(NEW YORK) — Representatives of the social media app Yubo said on Tuesday that the platform is adding new safety features and updating its usage guidelines following news that the accused Robb Elementary School gunman allegedly used the app to send disturbing messages that appear to have gone unnoticed in the days leading up to the deadly shooting.
“The devastating events of 24 May in Uvalde, Texas, brought to light systemic issues in society that need to be addressed,” Yubo CEO Sacha Lazimi said in a statement Tuesday. “In the days since, we have been working to accelerate safety developments in our pipeline and further expand the scope of existing safeguards across our platform.”
Yubo representatives said that since the Uvalde shooting, they have updated the app’s risk-detection policy, enhanced its user-reporting capabilities and introduced audio-moderation technology for live streams that they say will allow for “comprehensive automatic moderation across the platform.”
ABC News previously reported that in the days and weeks before the Uvalde shooting, accused gunman Salvador Ramos appeared to have sent concerning messages — including claims about intentions of violence at school — to numerous young people he met online through the Yubo app. One user told ABC News she tried to report Ramos to Yubo — but that “regardless of how many times he was reported … he would still come back.”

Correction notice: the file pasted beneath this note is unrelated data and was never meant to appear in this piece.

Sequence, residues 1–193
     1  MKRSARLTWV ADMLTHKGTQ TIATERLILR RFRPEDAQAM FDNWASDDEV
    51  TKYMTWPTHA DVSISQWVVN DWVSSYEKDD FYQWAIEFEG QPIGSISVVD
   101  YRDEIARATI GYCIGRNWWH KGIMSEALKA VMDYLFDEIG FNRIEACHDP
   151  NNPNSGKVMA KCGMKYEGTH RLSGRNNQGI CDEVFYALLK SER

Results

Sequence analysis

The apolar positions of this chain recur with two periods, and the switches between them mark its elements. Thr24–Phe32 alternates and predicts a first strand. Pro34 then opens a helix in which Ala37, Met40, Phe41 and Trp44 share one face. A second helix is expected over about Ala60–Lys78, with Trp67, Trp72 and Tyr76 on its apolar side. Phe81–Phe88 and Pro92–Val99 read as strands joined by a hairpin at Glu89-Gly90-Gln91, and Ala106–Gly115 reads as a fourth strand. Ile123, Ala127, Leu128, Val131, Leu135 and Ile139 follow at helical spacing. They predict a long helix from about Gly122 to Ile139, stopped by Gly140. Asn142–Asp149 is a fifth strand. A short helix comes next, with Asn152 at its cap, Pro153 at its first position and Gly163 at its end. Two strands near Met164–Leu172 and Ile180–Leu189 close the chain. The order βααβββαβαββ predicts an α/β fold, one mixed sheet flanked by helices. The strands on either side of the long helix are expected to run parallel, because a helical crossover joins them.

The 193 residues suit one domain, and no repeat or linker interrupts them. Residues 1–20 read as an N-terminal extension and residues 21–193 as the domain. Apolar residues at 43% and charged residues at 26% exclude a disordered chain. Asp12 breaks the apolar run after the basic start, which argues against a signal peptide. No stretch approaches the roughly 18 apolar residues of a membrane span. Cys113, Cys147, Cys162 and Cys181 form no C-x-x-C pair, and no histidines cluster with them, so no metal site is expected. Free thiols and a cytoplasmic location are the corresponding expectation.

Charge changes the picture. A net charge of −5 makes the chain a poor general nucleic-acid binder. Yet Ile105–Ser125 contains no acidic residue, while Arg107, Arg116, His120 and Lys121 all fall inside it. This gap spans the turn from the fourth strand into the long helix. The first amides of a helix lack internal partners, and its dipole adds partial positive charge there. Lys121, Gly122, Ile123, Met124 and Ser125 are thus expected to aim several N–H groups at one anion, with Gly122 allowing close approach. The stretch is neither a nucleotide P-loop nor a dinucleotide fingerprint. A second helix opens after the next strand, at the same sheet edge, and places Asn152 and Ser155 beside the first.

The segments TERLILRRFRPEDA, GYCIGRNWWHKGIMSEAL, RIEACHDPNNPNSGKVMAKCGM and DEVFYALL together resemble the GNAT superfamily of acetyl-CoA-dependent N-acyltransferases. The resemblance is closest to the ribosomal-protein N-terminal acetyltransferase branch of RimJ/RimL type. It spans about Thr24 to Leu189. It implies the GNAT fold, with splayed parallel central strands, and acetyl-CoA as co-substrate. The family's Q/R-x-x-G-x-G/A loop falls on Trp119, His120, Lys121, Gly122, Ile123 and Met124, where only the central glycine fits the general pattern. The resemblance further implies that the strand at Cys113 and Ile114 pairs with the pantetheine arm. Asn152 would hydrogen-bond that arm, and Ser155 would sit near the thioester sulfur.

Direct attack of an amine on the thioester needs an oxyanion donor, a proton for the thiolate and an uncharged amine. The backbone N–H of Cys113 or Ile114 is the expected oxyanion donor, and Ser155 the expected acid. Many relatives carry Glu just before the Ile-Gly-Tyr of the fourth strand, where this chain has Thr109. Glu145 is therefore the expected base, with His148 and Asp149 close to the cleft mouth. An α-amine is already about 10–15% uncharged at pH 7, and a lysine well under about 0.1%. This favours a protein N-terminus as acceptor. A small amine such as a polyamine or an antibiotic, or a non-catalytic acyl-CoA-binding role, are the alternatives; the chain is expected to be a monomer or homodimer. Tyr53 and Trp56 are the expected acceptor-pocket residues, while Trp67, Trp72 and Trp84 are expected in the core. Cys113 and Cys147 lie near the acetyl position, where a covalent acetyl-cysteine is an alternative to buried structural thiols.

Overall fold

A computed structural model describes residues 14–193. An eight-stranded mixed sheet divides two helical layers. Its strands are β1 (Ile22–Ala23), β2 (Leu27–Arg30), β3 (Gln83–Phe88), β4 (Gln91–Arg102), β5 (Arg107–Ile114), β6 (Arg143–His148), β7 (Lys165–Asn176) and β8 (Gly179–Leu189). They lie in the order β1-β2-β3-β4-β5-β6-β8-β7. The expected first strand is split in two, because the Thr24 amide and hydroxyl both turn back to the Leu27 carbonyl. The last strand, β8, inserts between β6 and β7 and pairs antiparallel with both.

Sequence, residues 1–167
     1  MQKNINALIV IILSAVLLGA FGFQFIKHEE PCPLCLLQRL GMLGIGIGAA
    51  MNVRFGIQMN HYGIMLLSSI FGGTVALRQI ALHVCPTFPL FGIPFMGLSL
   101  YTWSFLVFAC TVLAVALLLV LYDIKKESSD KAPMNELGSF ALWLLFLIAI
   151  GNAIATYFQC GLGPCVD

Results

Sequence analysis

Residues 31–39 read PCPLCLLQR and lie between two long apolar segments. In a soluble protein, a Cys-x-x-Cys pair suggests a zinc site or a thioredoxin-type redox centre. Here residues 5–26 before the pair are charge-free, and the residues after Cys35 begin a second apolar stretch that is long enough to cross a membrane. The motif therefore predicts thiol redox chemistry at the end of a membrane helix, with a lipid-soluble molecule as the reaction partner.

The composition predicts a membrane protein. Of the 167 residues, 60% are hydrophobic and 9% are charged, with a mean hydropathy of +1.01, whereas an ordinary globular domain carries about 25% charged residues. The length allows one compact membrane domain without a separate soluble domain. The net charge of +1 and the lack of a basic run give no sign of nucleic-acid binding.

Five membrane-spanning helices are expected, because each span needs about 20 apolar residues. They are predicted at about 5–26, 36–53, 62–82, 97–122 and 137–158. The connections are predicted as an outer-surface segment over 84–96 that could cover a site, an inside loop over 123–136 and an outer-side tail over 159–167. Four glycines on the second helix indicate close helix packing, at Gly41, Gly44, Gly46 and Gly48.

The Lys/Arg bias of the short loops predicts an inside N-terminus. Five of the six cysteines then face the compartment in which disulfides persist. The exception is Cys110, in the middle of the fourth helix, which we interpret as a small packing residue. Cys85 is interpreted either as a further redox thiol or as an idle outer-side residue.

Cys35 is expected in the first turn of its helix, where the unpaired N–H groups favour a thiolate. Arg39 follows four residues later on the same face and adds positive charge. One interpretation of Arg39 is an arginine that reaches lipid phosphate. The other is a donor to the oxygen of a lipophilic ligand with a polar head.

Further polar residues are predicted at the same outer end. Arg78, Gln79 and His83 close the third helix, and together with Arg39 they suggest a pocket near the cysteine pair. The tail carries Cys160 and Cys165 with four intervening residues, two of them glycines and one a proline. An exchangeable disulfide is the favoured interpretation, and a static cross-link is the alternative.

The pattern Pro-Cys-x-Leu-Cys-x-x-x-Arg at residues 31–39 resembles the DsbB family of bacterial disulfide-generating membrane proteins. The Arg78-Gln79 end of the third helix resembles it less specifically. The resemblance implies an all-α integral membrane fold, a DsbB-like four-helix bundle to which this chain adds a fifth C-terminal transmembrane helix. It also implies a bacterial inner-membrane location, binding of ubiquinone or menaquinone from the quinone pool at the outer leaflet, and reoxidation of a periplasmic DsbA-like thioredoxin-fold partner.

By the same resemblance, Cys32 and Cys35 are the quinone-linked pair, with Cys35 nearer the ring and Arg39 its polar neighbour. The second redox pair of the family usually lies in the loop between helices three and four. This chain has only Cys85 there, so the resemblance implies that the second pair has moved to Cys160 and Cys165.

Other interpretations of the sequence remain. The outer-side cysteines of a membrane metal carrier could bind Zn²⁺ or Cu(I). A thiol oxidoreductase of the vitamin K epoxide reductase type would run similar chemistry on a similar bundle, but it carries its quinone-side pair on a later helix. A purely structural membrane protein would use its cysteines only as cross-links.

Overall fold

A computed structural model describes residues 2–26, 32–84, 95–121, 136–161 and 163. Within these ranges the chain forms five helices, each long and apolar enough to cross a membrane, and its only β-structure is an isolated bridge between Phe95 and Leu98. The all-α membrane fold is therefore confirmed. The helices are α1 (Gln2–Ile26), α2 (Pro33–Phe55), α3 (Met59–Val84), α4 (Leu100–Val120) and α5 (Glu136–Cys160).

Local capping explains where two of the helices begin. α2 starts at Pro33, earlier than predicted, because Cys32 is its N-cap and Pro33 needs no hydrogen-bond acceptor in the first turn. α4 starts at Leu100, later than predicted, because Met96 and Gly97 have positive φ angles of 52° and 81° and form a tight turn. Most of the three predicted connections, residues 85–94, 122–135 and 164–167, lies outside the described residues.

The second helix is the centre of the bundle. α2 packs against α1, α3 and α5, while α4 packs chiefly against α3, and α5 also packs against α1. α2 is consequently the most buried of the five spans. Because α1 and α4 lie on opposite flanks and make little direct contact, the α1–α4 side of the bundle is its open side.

The shooting, on May 24, left 19 students and two faculty members dead, making it one on of the deadliest school shootings in the nation’s history.
Representatives of Yubo also said Tuesday the platform has developed a new “combined-signals risk detection algorithm” that will help provide context around potential risks on its platform by assessing “a combination of signals including keywords, emojis, and images.”
Yubo representatives previously told ABC News that the company was “fully cooperating with law enforcement on their investigation.”
“We remain shocked and deeply saddened by this recent tragedy. Our thoughts are with the victims, their families, and all who have been impacted,” they said.
Yubo, which was launched in 2015 by a French company, was listed in 2019 by Seventeen magazine as one of the seven best dating apps for teenagers.
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